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You can bet your bottom Euro that William Alwyn’s Elizabethan Dances is one anniversary that will almost certainly pass unnoticed by the vast majority of music listeners in 2007. It is fifty years since this work was first performed at the BBC Light Music Festival at the Royal Festival Hall. It would be easy to justify ignoring this work if we assumed that it was simply a piece of ‘light’ music that was largely ephemeral or belonged to a more innocent era. However, there are four reasons why this view is wrong.

Firstly, there has been a huge rise in the awareness of ‘light music’ over the last ten years. Record labels including Naxos, Marco Polo and Hyperion have issued a large number of important and entertaining CDs, however pride of place must go to the ever-growing catalogue from Guild. Secondly, William Alwyn is one of the United Kingdom’s most important composers in spite of the fact that he is little known in the world-view of Classic FM producers (David Mellor being an honourable exception). The fact remains that few people will have managed to avoid hearing his music. This is largely because of Alwyn’s huge film score output. We need only think of Carve Her Name with Pride, A Night to Remember and Odd Man Out to mention at least three films that will endure till mankind is no longer amused and entertained by moving pictures. Thirdly, the quality of this particular piece of ‘light’ music is second to none. This is a work that exhibits the highest degree of invention, imagination and sheer craftsmanship. To quote Christopher Thomas’s review on MusicWeb – "to describe this as light music would be potentially to trivialise the quality of the composer’s work." And lastly, in spite of the unsurprising fact that it is not programmed for this years Proms it is easily available on three excellent recordings.

The 1950s were an interesting, if somewhat stressful, time for William Alwyn. He wrote in his autobiographical book, Winged Chariot, that he often wondered how he had coped with this hectic period of his life. He had been in constant demand for important film scores which required a vast amount of music. He recalled that, in spite of the hard work, he was grateful that he did not have to spend long hours teaching or equally long hours of practice needed to maintain instrumental virtuosity as a concert performer. At this time Alwyn was seriously involved with the Composers' Guild of Great Britain – "meetings of every kind, serving on and chairing committees," etc. etc. In addition he suffered health problems which seem to have led him close to nervous breakdown. It was at the turn of the decade that he finally decided to stop writing for the cinema. Alwyn was to complete his last film score, The Running Man, in 1961.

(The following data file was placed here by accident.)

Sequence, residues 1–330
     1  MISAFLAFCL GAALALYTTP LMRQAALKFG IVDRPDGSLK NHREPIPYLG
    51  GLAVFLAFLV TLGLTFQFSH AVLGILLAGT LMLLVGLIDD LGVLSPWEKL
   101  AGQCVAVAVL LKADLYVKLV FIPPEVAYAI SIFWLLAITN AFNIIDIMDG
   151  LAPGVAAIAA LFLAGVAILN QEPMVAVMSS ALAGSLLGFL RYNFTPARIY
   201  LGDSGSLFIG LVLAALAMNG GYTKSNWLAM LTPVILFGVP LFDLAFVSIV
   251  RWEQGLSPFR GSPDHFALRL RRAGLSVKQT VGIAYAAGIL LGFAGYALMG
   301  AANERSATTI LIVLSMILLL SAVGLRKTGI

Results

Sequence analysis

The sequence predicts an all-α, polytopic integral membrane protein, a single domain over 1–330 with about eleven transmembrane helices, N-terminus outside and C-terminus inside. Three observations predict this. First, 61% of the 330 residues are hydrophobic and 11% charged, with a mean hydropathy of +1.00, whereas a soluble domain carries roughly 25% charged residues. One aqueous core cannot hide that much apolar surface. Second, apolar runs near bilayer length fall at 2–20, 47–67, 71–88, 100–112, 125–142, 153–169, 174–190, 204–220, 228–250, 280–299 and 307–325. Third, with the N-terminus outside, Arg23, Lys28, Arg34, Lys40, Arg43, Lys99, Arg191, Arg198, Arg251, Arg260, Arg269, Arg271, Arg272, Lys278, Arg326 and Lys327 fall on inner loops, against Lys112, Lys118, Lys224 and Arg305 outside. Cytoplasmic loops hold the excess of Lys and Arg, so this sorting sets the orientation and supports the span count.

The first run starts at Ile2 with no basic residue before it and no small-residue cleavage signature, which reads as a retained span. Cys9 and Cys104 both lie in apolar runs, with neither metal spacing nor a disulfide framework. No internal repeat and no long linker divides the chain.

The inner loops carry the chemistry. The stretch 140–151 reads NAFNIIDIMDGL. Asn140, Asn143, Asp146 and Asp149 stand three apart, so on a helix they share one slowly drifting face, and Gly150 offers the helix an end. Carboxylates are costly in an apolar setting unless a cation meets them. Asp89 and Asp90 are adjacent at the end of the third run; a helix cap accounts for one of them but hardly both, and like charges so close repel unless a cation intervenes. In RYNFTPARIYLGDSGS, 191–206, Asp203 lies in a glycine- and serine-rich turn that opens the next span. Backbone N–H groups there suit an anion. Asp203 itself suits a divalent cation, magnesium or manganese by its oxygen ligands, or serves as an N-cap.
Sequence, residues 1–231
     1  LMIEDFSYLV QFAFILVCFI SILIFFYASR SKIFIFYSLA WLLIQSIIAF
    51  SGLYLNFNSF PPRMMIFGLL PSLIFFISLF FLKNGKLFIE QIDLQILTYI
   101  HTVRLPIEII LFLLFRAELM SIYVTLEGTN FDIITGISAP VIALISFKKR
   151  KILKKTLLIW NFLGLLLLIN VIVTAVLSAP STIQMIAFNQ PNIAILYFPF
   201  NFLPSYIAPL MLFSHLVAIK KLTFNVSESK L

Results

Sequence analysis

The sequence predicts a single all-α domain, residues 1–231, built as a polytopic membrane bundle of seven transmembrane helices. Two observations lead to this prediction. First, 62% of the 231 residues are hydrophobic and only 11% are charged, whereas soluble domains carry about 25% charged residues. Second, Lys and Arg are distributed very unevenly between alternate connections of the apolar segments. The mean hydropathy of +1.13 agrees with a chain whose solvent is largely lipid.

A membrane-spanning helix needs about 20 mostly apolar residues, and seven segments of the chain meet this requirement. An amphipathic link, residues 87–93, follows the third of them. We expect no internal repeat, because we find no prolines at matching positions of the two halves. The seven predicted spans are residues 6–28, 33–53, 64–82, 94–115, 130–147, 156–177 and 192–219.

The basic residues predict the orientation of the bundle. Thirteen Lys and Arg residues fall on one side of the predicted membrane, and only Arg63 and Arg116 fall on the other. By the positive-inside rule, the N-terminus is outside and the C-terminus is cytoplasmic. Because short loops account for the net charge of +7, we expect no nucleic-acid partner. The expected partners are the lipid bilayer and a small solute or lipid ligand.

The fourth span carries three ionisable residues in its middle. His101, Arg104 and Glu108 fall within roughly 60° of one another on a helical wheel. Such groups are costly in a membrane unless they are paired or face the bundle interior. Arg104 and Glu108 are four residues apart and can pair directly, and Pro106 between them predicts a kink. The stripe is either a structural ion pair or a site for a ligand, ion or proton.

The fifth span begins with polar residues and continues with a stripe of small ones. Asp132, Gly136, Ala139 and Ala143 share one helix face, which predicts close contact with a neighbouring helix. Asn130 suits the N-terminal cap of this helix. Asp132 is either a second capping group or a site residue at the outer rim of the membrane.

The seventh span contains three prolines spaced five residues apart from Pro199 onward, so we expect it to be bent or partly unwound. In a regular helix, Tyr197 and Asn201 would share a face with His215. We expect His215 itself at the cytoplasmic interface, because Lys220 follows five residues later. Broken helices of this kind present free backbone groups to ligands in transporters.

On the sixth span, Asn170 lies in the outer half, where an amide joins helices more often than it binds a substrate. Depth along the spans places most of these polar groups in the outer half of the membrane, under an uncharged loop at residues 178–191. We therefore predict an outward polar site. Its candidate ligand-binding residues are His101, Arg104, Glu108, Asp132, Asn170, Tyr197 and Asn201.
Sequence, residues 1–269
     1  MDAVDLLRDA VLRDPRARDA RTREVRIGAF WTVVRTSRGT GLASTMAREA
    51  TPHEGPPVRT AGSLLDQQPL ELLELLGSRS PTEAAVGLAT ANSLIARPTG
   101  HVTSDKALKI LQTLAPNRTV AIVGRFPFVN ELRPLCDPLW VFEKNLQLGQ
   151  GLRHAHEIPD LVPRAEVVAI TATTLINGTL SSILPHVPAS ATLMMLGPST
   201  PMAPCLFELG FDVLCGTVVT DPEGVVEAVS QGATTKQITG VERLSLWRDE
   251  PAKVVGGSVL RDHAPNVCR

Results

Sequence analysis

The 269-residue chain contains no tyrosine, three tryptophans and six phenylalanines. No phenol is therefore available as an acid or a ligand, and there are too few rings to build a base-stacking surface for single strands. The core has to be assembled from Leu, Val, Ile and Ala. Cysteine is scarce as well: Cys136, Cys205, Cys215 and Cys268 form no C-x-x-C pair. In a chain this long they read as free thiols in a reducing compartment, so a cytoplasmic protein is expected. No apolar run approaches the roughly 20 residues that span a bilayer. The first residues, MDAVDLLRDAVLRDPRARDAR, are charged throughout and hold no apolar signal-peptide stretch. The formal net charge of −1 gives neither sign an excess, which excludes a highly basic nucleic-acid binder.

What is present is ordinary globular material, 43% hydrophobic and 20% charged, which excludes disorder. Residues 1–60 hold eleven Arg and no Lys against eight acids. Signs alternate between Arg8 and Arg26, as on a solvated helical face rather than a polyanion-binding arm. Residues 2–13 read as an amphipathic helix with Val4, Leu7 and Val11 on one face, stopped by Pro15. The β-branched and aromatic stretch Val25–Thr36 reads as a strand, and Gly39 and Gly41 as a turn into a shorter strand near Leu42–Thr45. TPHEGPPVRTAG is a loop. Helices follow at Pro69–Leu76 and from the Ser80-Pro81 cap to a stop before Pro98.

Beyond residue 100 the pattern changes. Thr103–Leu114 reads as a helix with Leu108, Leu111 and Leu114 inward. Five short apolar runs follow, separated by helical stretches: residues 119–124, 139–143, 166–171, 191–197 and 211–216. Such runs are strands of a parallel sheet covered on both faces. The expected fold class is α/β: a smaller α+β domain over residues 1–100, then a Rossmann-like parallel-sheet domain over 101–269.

Bernard de Nevers was the director of Alwyn’s main publisher, Lengnick: he was also a close personal friend. In the late 1940s de Nevers had persuaded Malcolm Arnold to compose the well known English Dances. This was in response to a suggestion that Arnold should write a suite of music akin to Dvorak’s Slavonic Dances or perhaps Bartók’s Romanian Folk Dances. Six years later, he suggested to Alwyn the ‘Elizabethan’ theme of the present work. The composer had already received the commission from the BBC however it was de Nevers who was largely responsible for the direction and mood of this work.

William Alwyn had previously composed a series of Scottish Dances in 1946. These had been dedicated to the ubiquitous film music composer and conductor Muir Matheson. It was a seven-movement work that has been described as a pastiche of Handelian Scottishry! Each one of these movements is quite short, entertaining and straight to the point. They are fun and reflect a very Scottish way of celebrating – the whisky bottle is never far away, although the slow movement is romantic and quite sober.

The following years had seen a succession of works that could hardly be described as ‘light music.’ There had been the first two symphonies, the Magic Island Prelude and two concertos. In 1955 there was the radio opera Farewell Companions; the following year saw a number of important works including the Fantasy Waltzes for Piano Solo, the Moor of Venice Overture for Brass Band and the magnificent Third Symphony. This was a "stormy and passionate work, strongly rhythmic in the outer movements but finding tranquillity and repose in the ‘adagio’ and in the closing pages of the symphony." It was first performed at the start of the 1956/57 orchestral season when Sir Thomas Beecham conducted the BBC Symphony Orchestra.

In parallel to the ‘art’ music, Alwyn had worked non-stop on film music. Perhaps the best known scores of those years were The Ship that Died of Shame, The Million Pound Note and The Malta Story. It is interesting that the Elizabethan Dances was the only major non-film piece to be written and performed in 1957. Film scores from this year included The Smallest Show on Earth and Fortune is a Woman.

The Elizabethan Dances was first performed on 6 July 1957 at the Royal Festival Hall during the 1957 BBC Festival of Light Music. The composer conducted the BBC Symphony Orchestra. The work is some sixteen minutes duration and is scored for a standard orchestra with an exotic array of percussion including castanets, wooden blocks, maracas, celesta and harp.

Other works produced at that Festival included Rhapsody & Rondo for Horn and Orchestra by Ernest Tomlinson, Malcolm Arnold’s Scottish Dances and Charles Spink’s Concert Toccata for Organ and Brass. The enjoyable London Transport Suite by Sidney Torch and the Cornish Holiday for Brass Band and Orchestra by Dennis Wright added to an impressive programme. Both the Spink and the Wright are unavailable on CD.

The Elizabethan Dances are written in six contrasting movements. The composer’s wife has provided this helpful overview:-

    1. This suggests the pipe and tabor of Elizabeth I
    2. A modern slow waltz